Tuesday, April 20, 2010

Praying with my Parents in Public

My parents have just zipped through town. They decided to snatch up a last minute cruise deal, and since we live near the port of departure, they got the added bonus of spending time with us.

We went out to eat twice yesterday: breakfast at the beach, and lunch at a seafood restaurant. Both times, we held hands and said grace. Out loud.

I'm not sure when this changed. My parents have always bowed their heads and said grace, no matter where we were. Often, they said it silently. I'm not sure when my parents took our private family practice of holding hands during grace public.

I'm certain they're not doing it in hopes of witnessing. They're not those kind of people. I think they simply have their spiritual habits which they're not going to suspend just because they're in public. Happily their spiritual practices shouldn't make people uncomfortable; it's not like they're handling snakes.

Still, we were the only ones praying so visibly. Even though I prayed with them, I'm not so evolved that I didn't wonder what people around us were thinking. I didn't particularly care, I just wondered from a sociological point of view.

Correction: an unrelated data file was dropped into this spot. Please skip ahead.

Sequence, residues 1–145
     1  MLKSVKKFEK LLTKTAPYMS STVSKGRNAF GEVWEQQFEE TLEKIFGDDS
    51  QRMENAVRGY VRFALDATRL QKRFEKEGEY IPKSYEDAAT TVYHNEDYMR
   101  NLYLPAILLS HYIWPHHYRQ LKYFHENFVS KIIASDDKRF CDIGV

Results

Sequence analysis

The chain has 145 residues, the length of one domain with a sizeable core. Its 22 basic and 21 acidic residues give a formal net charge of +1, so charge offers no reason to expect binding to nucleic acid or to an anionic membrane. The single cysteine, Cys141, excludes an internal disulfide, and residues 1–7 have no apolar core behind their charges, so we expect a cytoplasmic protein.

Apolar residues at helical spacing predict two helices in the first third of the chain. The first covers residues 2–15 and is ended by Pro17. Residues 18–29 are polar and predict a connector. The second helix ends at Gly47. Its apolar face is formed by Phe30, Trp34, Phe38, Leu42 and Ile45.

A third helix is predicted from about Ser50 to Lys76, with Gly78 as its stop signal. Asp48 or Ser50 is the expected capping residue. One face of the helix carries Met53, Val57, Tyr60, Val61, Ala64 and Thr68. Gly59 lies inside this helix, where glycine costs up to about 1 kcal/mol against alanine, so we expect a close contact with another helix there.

Let me stress that in my younger years, I'd have been mortified. I might have even accused my parents of hypocrisy. How would I have justified that charge? I don't know, but I do remember it being my favorite accusation of Christians.

I remember watching Chariots of Fire and being deeply unhappy with the ending, where both runners won their races. I accused the moviemakers of being hypocritical sellouts. My parents asked how that was possible, since the movie was based on a true story and that's the way it really turned out. I didn't have an answer for that, and I didn't care. I wanted that Christian character punished for sticking to his faith. I thought he was unreasonable, not principled.

Ah, the irrationality of youth. Little did I know at the time that the character was horribly punished, as he was a missionary in the wrong place at the wrong time in World War II, and he spent some brutal years in a labor camp. My adolescent self would have been glad. She'd have said, "Well, he shouldn't have been inflicting his religion on those native people. Serves them right."

My adolescent self was harsh and judgmental, and I'm not sorry to have shed most of her ideas. Now I can gracefully take my parents' hands and be glad that they have their faculties together, that they remember what's important to them and that they practice it freely.

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